Features | Partner Sites | Information | LinkXpress
Sign In
GLOBETECH MEDIA
GLOBETECH PUBLISHING LLC
GLOBETECH PUBLISHING LLC

New Drugs Block Synthesis of Metabolites by Nutrient-Challenged Bacteria

By BiotechDaily International staff writers
Posted on 24 Oct 2013
Researchers have developed a new generation of antibiotics that kill bacteria by preventing them from making critical metabolites such as vitamins and amino acids.

Characterizing new drugs has been hindered by the difficulties inherent in identifying the mechanism of action (MOA) of biologically active molecules. To attack this problem, investigators at McMaster University (Hamilton, ON, Canada) developed a metabolite suppression approach to explore the MOA of antibacterial compounds under conditions of nutrient restriction.

They assembled an array of metabolites that could be screened for suppressors of inhibitory molecules. Further, they identified inhibitors of Escherichia coli growth under nutrient limitation and charted their interactions with the metabolite array. This strategy led to the discovery and characterization of three new antibacterial compounds, MAC168425 (3-(dimethylamino)-1-(4-methoxyphenyl)propan-1-one), MAC173979 (3,3-dichloro-1-(3-nitrophenyl)prop-2-en-1-one), and MAC13772 (2-(2-nitrophenylthio)acetohydrazide). MAC168425 was found to interfere with glycine metabolism, MAC173979 was a time-dependent inhibitor of p-aminobenzoic acid biosynthesis, and MAC13772 inhibited biotin biosynthesis. These findings were published in the October 13, 2013, online edition of the journal Nature Chemical Biology.

"We have developed technology to find new antibiotics using laboratory conditions that mimic those of infection in the human body," said senior author Dr. Eric Brown, professor of biochemistry and biomedical sciences at McMaster University.

"We are taking fresh aim at bacterial vitamin and amino acid production and finding completely novel antibacterial compounds," said Dr. Brown. "We threw away chemicals that blocked growth in conventional nutrient-rich conditions and focused instead on those that were only active in nutrient-poor conditions. The approach belies conventional thinking in antibiotic research and development, where researchers typically look for chemicals that block growth in the laboratory under nutrient-rich conditions, where vitamins and amino acids are plentiful, but in the human body these substances are in surprisingly short supply and the bacteria are forced to make these and other building blocks from scratch."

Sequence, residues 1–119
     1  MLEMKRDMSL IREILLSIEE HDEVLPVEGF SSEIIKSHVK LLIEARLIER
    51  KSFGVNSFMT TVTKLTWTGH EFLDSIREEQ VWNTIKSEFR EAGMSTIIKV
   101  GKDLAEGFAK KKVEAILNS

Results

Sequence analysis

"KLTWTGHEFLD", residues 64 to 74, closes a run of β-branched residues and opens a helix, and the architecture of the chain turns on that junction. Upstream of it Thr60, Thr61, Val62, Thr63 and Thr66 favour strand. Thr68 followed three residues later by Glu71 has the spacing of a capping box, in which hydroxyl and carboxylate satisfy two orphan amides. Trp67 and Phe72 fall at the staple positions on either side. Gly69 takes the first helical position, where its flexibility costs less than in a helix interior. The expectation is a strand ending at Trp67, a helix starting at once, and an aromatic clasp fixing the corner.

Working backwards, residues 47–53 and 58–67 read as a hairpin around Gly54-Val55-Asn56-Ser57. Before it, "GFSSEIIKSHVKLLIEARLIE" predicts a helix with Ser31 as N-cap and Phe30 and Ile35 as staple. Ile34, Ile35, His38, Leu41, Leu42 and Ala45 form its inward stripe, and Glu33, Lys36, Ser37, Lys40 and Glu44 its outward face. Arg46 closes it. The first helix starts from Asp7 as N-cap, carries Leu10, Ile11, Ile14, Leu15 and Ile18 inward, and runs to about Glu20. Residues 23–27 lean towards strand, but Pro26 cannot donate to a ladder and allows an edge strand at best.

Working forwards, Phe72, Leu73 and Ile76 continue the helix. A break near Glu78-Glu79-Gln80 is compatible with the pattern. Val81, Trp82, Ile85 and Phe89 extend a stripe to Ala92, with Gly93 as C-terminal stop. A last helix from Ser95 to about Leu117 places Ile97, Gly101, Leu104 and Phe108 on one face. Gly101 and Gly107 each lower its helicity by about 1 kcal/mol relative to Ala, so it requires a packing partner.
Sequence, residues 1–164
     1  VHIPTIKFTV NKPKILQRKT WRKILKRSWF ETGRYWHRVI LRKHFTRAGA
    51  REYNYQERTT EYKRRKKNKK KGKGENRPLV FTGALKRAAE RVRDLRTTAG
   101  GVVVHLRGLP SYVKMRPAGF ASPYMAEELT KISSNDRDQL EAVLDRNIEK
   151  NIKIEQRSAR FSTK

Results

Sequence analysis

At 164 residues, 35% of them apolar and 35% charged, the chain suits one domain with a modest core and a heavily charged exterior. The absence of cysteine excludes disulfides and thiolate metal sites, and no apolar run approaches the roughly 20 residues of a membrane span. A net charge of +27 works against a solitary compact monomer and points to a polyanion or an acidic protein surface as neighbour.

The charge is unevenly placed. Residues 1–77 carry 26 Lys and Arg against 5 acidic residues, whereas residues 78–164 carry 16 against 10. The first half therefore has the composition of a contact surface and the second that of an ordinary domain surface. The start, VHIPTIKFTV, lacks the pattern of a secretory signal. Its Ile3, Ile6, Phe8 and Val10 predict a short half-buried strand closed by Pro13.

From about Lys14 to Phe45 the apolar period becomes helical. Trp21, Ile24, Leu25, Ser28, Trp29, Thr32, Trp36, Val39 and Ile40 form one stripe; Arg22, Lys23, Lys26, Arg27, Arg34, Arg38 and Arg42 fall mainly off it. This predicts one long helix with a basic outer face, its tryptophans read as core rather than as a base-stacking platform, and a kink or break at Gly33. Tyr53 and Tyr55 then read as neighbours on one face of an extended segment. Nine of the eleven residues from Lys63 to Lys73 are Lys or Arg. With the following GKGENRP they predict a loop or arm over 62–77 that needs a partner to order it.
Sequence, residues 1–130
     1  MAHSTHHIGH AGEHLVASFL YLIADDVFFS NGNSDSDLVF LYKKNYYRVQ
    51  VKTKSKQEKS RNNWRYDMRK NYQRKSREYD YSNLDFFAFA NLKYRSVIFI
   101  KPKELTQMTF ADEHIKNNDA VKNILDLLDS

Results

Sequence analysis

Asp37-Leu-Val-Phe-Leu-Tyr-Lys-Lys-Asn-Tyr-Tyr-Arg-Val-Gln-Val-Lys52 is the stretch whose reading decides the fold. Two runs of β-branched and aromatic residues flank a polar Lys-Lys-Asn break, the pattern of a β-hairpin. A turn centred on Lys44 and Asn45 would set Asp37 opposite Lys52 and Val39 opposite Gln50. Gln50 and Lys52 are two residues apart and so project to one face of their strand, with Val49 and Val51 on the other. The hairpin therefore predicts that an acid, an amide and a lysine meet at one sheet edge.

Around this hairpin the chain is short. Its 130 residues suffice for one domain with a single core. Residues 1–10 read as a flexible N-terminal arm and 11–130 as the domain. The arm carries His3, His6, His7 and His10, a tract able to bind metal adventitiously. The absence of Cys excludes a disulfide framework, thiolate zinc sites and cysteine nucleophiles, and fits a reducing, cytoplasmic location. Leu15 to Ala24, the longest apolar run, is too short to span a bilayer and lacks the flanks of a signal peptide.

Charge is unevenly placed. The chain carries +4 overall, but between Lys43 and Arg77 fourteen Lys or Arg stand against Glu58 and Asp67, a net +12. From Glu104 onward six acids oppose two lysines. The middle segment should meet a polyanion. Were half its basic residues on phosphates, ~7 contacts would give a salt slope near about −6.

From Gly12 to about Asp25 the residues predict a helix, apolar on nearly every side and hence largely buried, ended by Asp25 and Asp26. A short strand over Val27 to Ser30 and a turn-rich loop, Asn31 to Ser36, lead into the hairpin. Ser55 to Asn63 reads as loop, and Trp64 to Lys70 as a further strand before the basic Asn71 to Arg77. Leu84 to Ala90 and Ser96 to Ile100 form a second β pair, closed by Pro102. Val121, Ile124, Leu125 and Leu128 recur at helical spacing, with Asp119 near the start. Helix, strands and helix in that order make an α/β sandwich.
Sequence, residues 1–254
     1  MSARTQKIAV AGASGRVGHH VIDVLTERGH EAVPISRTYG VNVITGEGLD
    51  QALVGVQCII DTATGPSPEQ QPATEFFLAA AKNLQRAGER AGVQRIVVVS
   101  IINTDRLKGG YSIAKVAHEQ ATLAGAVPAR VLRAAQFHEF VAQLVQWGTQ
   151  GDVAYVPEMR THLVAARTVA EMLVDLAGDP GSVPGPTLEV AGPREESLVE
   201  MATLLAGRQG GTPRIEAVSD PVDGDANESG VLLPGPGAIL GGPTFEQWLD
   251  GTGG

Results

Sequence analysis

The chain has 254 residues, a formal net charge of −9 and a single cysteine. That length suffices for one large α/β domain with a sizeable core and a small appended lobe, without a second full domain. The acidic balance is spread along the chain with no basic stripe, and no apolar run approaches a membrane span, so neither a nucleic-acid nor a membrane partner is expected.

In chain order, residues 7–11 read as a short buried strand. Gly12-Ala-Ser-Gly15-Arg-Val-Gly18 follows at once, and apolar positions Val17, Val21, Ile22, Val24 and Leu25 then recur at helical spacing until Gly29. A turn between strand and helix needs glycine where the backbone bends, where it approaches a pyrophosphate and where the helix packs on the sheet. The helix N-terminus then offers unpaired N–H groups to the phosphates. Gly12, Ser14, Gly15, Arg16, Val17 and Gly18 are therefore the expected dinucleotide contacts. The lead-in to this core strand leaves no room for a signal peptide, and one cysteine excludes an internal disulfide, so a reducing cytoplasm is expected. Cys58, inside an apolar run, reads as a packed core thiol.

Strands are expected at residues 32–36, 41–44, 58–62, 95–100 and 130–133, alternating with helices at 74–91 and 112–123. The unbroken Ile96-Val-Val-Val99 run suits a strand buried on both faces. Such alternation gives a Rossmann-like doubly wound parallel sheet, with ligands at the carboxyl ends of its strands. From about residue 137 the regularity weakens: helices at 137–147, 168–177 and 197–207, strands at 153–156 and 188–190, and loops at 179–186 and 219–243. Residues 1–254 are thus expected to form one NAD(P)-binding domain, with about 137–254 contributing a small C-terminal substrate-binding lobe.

Related Links:

McMaster University



Channels

Genomics/Proteomics

view channel
Image: Transmission electron micrograph of norovirus particles in feces (Photo courtesy of Wikimedia Commons).

Norovirus Interacts with Gut Bacteria to Establish a Persistent Infection That Can Be Blocked by Interferon Lambda

A team of molecular microbiologists and virologists has found that norovirus requires an intimate interaction with certain gut bacteria to establish a persistent infection, and that the infective process... Read more

Biochemistry

view channel

Possible New Target Found for Treating Brain Inflammation

Scientists have identified an enzyme that produces a class of inflammatory lipid molecules in the brain. Abnormally high levels of these molecules appear to cause a rare inherited eurodegenerative disorder, and that disorder now may be treatable if researchers can develop suitable drug candidates that suppress this enzyme.... Read more

Therapeutics

view channel
Image: Cancer cells infected with tumor-targeted oncolytic virus (red). Green indicates alpha-tubulin, a cell skeleton protein. Blue is DNA in the cancer cell nuclei (Photo courtesy of Dr. Rathi Gangeswaran, Bart’s Cancer Institute).

Innovative “Viro-Immunotherapy” Designed to Kill Breast Cancer Cells

A leading scientist has devised a new treatment that employs viruses to kill breast cancer cells. The research could lead to a promising “viro-immunotherapy” for patients with triple-negative breast cancer,... Read more

Lab Technologies

view channel
Image: MIT researchers have designed a microfluidic device that allows them to precisely trap pairs of cells (one red, one green) and observe how they interact over time (Photo courtesy of Burak Dura, MIT).

New Device Designed to See Communication between Immune Cells

The immune system is a complicated network of many different cells working together to defend against invaders. Effectively combating an infection depends on the interactions between these cells.... Read more

Business

view channel

Program Designed to Provide High-Performance Computing Cluster Systems for Bioinformatics Research

Dedicated Computing (Waukesha, WI, USA), a global technology company, reported that it will be participating in the Intel Cluster Ready program to deliver integrated high-performance computing cluster solutions to the life sciences market. Powered by Intel Xeon processors, Dedicated Computing is providing a range of... Read more
 
Copyright © 2000-2015 Globetech Media. All rights reserved.